With window stickers of Ford’s all-electric Lightning pickup having leaked late last week, there were a lot of people interested in having their “Fuel Economy and Environment” estimates verified. Ford CEO Jim Farley has obliged by confirming the figures, adding that the vehicle’s maximum range should ballpark around 300 miles (or better) unless you snub the extended-range models.
The executive confirmed the F-150 Lightning XLT, Lariat, and Pro trims at 320 miles with the bigger battery. Though those running with the standard battery pack only yield 230 miles between charging. Meanwhile, the Lightning Platinum tops out at 300 miles even due to it having gnarly tires and being less aerodynamic than its siblings.
Obviously, those estimates will come down further once payloads come into play. But it’s more or less what people were told to expect from the manufacturer.
While I’ve never found MPGe all that useful, since there’s no direct equivalent for calculating miles per gallon, the EPA had to come up with a unit of measurement that sounded familiar and offered consistency. Some might argue that 33.7 kWh of electricity sourced from any number of sources isn’t directly comparable to a gallon of burnt gasoline. But it’s the standard we have and it remains useful in making direct comparisons between EVs.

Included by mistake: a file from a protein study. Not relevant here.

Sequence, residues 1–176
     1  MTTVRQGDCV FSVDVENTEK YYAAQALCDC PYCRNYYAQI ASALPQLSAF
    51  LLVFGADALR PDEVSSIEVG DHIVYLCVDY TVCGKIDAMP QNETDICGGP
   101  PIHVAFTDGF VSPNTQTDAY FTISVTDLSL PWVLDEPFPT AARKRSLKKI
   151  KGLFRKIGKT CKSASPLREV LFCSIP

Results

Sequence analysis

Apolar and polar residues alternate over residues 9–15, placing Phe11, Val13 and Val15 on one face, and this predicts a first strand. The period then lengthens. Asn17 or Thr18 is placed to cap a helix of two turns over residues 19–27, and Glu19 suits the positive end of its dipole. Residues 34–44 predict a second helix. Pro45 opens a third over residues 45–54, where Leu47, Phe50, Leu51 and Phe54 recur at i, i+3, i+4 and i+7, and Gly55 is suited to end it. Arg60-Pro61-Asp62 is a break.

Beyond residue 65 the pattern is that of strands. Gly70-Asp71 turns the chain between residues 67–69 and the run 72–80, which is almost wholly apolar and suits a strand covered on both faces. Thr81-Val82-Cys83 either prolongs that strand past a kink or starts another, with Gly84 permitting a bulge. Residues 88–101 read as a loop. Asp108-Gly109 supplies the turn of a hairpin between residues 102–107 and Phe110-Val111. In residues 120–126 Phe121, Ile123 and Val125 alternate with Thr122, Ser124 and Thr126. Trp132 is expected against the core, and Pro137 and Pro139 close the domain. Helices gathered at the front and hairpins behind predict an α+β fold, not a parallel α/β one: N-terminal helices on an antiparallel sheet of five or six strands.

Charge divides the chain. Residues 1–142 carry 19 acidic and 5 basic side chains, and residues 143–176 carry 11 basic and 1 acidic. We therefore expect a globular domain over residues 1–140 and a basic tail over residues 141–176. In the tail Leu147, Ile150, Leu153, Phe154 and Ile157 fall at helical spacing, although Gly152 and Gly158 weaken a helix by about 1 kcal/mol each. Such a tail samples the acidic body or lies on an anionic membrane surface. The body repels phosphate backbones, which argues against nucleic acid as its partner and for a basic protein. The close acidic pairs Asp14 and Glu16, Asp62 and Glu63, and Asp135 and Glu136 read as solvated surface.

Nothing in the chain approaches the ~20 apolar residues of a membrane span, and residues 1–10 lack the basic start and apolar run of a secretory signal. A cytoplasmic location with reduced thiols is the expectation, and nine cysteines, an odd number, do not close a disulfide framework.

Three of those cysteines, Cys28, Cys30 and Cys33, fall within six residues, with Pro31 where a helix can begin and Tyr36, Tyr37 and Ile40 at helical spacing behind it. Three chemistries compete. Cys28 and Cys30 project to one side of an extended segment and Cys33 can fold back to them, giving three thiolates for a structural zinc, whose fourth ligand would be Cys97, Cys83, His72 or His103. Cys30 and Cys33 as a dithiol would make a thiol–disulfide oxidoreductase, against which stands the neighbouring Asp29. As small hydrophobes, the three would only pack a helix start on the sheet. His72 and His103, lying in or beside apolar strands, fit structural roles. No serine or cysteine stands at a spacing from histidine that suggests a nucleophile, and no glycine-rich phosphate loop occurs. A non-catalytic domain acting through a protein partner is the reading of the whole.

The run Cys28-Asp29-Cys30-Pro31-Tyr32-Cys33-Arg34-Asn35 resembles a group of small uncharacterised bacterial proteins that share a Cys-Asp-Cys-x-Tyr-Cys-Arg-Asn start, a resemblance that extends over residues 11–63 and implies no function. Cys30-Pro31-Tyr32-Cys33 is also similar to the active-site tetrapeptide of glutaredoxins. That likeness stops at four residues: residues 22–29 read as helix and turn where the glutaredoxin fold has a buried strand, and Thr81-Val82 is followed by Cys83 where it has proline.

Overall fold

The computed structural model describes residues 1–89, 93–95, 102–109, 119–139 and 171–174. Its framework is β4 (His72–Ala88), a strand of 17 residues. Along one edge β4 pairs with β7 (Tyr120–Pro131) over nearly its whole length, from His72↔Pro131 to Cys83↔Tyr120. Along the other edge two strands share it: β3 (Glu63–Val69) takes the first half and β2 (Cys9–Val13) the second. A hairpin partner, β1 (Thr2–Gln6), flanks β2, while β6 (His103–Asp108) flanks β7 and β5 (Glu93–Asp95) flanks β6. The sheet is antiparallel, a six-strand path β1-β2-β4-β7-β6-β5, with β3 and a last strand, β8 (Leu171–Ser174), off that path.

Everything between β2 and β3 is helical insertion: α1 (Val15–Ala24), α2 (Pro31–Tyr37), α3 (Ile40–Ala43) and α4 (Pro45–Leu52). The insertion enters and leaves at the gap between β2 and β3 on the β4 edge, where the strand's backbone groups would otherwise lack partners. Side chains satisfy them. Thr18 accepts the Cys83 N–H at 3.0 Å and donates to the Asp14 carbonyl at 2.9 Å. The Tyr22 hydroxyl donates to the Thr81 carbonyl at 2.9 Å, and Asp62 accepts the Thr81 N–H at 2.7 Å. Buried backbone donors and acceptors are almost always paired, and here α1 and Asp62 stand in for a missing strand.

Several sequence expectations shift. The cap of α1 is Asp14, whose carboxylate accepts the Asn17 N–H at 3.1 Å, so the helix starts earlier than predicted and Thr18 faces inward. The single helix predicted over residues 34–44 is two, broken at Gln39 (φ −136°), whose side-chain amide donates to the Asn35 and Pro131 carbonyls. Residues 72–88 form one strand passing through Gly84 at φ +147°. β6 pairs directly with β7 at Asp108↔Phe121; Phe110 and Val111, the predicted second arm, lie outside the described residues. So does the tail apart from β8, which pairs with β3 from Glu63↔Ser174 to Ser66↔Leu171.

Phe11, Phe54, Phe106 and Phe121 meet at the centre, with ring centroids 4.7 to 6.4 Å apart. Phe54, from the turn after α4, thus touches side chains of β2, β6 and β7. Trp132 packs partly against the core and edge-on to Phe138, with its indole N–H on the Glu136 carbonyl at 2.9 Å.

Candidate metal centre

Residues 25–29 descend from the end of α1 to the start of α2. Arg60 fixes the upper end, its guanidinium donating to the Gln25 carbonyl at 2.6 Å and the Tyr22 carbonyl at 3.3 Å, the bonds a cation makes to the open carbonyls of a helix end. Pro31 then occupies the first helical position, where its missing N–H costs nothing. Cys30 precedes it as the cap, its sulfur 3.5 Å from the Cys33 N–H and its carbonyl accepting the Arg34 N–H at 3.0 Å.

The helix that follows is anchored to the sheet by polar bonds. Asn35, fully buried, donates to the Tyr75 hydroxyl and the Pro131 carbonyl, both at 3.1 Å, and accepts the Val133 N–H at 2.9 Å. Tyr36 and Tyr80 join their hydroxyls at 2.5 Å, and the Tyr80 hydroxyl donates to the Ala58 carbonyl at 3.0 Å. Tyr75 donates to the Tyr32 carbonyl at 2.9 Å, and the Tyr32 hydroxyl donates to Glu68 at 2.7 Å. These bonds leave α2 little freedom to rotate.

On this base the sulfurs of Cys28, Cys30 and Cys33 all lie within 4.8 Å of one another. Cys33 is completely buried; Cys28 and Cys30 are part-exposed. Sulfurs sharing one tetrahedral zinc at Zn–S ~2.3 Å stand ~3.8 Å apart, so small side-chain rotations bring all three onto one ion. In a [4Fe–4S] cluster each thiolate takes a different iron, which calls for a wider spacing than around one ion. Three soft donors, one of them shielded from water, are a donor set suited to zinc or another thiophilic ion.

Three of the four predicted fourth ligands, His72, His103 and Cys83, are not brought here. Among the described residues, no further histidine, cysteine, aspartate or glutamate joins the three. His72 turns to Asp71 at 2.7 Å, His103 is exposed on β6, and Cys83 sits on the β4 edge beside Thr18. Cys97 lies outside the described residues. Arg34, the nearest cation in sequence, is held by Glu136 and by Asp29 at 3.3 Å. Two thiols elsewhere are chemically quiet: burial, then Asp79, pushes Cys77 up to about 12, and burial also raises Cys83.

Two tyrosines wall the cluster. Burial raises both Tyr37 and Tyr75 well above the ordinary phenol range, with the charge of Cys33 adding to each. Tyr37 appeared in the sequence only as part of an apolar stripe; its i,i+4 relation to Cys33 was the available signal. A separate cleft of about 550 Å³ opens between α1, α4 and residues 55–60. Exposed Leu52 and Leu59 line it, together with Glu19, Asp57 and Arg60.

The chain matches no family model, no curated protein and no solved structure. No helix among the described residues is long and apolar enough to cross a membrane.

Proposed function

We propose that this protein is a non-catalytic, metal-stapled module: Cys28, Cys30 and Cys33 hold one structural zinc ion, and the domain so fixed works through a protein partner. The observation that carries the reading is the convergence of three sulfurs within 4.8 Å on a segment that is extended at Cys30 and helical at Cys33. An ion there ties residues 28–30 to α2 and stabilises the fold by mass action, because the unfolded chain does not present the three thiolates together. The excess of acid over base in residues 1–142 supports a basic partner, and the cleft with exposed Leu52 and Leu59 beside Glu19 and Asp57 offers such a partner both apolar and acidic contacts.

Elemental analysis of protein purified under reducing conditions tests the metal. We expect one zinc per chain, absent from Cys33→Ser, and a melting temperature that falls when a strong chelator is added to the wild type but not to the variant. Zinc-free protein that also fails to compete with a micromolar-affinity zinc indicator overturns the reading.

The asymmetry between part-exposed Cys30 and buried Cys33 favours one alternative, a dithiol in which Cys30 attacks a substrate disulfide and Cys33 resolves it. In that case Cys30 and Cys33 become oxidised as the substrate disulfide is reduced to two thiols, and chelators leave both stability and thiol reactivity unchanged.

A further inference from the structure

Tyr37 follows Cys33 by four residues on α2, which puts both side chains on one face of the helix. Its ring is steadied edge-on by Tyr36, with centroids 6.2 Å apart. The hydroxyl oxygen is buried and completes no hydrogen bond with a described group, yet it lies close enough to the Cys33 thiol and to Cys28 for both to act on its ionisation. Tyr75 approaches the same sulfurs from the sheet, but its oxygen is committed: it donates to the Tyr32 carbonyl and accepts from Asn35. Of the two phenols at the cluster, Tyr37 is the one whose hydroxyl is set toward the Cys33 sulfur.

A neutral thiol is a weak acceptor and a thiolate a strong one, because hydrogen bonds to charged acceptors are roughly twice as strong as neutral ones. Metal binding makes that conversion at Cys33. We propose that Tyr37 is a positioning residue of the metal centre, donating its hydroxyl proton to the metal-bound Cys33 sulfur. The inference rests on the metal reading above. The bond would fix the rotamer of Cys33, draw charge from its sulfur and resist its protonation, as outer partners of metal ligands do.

In the case of Ford, it shows just how close the Lightning is to Rivian’s R1T pickup in terms of efficiency. The overall range is also fairly close, at least until the R1T Max (400 plus miles alleged) arrives. Though it should be said that the Rivian is a slightly smaller vehicle than Ford’s Lightning, likely resulting in a lighter product in most formats.
Pricing is also extremely close. While Blue Oval’s leaked stickers show the MSRP after EV tax credits have been accounted for, the pre-credit price for an extended range Lightning XLT is $74,169. That’s only a few grand shy of the standard R1T. However, Rivian doesn’t yet offer a low-range model and has fewer choices for people seeking a more bare-bones EV. That also means Ford’s 230-mile pickup will remain a relative bargain until a valid competitor emerges. But Rivian is working on it, saying that it’s anticipating 260 miles between charges on the smaller battery packs.
Become a TTAC insider. Get the latest news, features, TTAC takes, and everything else that gets to the truth about cars first by subscribing to our newsletter.